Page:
The seventh century A. D. gave to medicine the works of Paulus Aegineta.2 His writings are a wonderful record, commenting literally upon hundreds of botanic remedies, among which may be noted aconite, aloes, bryonia, belladonna, colchicum, cannabis, colocynth, elaterium, gentian, hyoscyamus, lactucarium, male fern, nux vomica, opium, Pulsatilla, ricinus, rhubarb, squill, senna, triticum, thyme, valerian, and a host of familiar plants, as well as many long since forgotten ones.
But it is of passing interest to note that he described many again brought to notice in the centuries-later writings of Hahnemann, of Homeopathic fame, and of Scudder, the principal writer of the Eclectic School. Among these botanic drugs may be noted boletus, agnus castus, populus nigra, urtica dioica, sambucus, plantago, asclepias, carduus benedictus, helleborus niger, avena, gnaphalium, eupatorium, senecio, eryngium, bursa pastoris, iris, equisetum, juglans, cistus, corallium, allium, conium, corydalis, xanthium, oenanthe, polygonatum, rhus, achillea, solanum, Symphytum, hypericum, cheli-donium, berberis, anacardium, and a host of others. In fact, from Aegineta and the medieval European writers Hahnemann took the greater part of his remedies, accepting their nomenclature and much of their data.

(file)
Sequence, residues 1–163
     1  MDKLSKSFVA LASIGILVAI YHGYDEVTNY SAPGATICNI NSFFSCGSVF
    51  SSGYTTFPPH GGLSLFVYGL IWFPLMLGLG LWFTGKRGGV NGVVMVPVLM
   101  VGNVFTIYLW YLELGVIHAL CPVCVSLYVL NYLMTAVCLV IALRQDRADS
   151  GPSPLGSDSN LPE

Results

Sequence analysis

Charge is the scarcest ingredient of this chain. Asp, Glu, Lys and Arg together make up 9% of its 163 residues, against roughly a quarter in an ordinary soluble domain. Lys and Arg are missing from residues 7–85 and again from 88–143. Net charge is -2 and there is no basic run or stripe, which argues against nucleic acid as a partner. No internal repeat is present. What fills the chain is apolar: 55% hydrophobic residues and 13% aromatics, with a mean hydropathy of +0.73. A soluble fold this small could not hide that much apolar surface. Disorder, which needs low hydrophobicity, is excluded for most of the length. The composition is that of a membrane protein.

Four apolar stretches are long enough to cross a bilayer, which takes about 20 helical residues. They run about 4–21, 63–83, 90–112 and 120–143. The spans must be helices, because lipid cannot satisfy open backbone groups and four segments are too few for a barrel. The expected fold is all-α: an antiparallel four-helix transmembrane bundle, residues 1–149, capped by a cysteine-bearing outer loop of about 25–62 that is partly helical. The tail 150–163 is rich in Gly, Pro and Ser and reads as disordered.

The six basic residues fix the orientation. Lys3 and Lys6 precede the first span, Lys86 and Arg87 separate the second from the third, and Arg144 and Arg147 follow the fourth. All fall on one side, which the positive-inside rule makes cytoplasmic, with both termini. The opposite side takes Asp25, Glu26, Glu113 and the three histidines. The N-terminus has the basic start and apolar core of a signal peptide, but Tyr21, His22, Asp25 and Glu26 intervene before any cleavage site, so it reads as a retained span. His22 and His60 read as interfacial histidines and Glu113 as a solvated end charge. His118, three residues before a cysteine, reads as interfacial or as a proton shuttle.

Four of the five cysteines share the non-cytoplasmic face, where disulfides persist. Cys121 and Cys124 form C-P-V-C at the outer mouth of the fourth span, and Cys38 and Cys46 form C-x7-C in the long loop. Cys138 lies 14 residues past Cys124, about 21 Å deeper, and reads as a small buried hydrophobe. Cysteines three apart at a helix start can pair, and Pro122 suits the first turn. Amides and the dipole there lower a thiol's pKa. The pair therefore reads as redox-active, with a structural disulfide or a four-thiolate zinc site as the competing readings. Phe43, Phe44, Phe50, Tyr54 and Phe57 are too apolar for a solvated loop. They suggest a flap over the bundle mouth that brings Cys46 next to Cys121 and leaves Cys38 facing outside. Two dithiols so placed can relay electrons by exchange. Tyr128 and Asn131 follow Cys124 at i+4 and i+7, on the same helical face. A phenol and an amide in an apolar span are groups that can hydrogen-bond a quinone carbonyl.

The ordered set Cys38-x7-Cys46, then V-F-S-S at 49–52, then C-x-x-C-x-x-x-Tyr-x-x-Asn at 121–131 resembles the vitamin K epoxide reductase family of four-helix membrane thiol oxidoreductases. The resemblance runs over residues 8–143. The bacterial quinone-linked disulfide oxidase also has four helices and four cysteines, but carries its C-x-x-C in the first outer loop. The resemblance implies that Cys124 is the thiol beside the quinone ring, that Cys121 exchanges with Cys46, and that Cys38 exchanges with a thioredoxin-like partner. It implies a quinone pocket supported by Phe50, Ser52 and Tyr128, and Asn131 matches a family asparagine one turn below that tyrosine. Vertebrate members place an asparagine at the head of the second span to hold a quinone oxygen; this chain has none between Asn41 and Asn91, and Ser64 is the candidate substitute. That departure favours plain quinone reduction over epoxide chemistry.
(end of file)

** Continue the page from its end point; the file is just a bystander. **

2 "The Seven Books of Paulus Aegineta," translated into English by the Sydenham Society at the hand of Francis Adams, 1847.
In fact, outside of the botanic field, oyster shell, graphite, lachesis, sepia, burnt sponge, and other "peculiar" remedies of sectarian medicine were also described in ancient and medieval books.